Missouri Secretary of State Jay Ashcroft’s home swatted after ballot comments

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Republican Missouri Secretary of State Jay Ashcroft, a candidate for the party’s nomination for governor, said his Jefferson City home was “swatted” on Sunday.

In a media release from his office, police stated they received an emergency call of a shooting at the residence. Ashcroft was at home with his wife and children when he was contacted by law enforcement by phone to determine the validity of the situation, according to the release.

Swatting describes a trend of unlawfully calling law enforcement and falsely reporting a violent situation at a private residence or office of a public official, often resulting in the response of a SWAT team. Recently, numerous Republican Georgia legislators, including U.S. Rep. Marjorie Taylor Green, were swatted. Democratic Boston Mayor Michelle Wu and Democratic Maine Secretary of State Shenna Bellows also were recently swatted. Legislators are proposing harsher penalties for those convicted of swatting.

The swatting happened two days after Ashcroft posted on social media a possible move by secretaries of state to remove President Joe Biden from the Democratic presidential nomination ballots if the U.S. Supreme Court upholds a ruling by the Colorado Supreme Court to remove former President Donald Trump from the state’s Republican presidential primary ballot.

“While I expect the Supreme Court to overturn this, if not, Secretaries of State will step in and ensure the new legal standard for Donald Trump applies equally to Joe Biden,” Ashcroft posted on his campaign’s X account, formerly known as Twitter.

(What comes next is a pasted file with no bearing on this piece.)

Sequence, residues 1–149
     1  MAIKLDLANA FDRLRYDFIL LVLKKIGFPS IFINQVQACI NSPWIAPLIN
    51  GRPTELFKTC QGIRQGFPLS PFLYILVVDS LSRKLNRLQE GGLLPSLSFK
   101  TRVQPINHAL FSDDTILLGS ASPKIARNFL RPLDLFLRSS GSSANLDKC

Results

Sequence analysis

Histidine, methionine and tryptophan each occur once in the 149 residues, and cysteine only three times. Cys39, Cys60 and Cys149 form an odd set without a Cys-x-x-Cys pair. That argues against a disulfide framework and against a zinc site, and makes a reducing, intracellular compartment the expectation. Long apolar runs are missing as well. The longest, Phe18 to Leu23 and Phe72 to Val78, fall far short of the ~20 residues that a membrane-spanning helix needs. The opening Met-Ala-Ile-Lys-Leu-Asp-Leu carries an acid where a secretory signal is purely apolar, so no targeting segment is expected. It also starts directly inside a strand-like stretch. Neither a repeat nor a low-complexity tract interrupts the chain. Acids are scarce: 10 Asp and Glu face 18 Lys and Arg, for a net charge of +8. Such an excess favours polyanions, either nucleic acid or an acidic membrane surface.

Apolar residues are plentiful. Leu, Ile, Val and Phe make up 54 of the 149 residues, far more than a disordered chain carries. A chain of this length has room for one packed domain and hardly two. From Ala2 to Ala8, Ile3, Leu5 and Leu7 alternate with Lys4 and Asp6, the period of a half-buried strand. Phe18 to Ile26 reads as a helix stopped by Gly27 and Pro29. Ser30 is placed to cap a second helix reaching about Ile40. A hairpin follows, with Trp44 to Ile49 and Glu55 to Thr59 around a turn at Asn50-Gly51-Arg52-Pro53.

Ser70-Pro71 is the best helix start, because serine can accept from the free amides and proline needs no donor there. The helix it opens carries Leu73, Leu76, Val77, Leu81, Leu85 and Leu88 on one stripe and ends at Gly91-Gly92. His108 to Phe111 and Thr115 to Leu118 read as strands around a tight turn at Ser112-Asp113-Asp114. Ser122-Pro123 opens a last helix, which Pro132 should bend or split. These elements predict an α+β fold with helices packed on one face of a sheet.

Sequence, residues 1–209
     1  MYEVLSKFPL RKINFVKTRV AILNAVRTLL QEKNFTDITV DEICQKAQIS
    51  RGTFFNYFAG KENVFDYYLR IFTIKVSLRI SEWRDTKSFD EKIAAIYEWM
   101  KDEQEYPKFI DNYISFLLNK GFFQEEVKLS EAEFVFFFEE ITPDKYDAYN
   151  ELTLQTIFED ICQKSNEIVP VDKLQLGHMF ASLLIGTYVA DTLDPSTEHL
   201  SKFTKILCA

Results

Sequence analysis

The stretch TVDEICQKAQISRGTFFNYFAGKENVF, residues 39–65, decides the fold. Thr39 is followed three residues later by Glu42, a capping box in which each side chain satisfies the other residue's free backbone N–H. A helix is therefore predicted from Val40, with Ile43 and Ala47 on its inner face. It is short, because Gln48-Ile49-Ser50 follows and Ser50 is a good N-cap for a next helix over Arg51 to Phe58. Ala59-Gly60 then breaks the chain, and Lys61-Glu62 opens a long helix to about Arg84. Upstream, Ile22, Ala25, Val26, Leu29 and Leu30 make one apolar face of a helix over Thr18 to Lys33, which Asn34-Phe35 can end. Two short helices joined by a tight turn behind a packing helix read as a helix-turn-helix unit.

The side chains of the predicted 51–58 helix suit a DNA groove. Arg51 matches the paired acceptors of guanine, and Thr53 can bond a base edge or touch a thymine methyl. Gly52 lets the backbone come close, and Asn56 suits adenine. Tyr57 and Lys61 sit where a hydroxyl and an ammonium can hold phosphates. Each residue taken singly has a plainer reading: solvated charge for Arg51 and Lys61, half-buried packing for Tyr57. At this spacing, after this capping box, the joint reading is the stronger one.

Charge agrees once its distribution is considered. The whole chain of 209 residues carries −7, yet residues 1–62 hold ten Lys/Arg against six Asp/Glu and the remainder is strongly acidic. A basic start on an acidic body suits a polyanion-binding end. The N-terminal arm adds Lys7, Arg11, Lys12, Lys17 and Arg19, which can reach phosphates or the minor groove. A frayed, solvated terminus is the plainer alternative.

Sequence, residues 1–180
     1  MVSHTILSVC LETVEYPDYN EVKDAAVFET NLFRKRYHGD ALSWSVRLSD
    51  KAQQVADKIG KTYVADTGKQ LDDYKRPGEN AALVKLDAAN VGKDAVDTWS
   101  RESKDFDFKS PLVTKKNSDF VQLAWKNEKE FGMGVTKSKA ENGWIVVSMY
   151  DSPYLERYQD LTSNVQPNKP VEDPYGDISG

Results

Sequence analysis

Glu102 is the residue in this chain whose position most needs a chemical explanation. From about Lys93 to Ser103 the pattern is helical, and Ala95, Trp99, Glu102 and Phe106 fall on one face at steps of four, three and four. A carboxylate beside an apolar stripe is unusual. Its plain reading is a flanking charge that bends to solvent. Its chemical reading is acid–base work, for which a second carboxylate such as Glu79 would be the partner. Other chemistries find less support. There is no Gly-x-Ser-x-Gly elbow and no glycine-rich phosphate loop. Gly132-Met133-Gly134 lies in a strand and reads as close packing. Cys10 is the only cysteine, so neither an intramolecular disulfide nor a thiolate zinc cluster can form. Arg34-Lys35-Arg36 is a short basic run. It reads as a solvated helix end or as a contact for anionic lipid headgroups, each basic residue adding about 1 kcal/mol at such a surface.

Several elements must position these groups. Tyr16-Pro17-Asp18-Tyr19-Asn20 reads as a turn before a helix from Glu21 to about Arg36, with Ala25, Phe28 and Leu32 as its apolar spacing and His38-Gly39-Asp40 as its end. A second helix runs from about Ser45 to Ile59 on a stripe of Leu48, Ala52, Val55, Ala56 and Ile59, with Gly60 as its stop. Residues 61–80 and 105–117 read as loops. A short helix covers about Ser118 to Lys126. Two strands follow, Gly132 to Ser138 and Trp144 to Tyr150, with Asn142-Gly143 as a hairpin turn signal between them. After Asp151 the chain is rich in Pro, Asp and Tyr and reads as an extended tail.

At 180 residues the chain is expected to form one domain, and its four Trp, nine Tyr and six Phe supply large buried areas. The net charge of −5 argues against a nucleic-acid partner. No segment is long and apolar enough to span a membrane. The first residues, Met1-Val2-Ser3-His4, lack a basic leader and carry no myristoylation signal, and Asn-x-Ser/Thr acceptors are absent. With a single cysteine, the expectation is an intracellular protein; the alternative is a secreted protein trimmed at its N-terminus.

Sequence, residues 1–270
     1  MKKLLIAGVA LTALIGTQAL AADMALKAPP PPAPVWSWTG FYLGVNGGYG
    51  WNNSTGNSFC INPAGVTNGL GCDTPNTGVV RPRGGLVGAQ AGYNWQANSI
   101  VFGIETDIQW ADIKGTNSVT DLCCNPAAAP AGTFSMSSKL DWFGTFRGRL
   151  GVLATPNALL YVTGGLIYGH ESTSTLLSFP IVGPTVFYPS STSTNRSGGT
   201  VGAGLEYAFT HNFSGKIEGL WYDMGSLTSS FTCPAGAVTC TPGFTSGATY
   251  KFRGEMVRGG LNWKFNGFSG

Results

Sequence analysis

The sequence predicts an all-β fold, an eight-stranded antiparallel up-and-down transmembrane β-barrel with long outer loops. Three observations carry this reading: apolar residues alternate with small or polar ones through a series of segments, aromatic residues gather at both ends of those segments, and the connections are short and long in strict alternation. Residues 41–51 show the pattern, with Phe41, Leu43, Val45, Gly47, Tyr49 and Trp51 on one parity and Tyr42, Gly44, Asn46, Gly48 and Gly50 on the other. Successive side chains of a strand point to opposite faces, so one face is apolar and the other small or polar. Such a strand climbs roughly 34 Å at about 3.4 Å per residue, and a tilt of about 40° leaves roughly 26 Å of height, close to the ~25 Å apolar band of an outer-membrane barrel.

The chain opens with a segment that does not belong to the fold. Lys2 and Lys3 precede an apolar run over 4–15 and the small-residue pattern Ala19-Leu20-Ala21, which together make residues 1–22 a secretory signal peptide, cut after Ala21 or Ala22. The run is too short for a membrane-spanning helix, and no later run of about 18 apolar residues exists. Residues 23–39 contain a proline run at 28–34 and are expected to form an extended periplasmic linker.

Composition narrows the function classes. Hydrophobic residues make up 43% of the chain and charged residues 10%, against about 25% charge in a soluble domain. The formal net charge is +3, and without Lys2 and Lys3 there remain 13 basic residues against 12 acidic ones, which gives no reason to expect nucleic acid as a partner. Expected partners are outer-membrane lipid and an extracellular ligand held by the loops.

“I’m not in favor of going down this path,” Ashcroft was quoted in the St. Louis Post-Dispatch on Sunday. “But we will go down this path, it’s inevitable, if the Supreme Court does not stop this. … My job is to be the referee of the administration of elections, my job is not to put the thumb down on either side. The rules will be applied equally. I just hope they will not be the rules of Colorado and Maine.”

The statement from Ashcroft included a description of Sunday’s events at his home.

“It ended up with me walking out of my front door with my hands up with several armed police officers in front of my house,” Ashcroft said in the statement. “I’m so thankful the Jefferson City Police Department handled the situation with an extreme amount of professionalism and that no one was hurt. It is unfortunate their resources and manpower had to be used on a prank. I am hopeful those responsible for such childish, cowardice acts will be brought to justice.”

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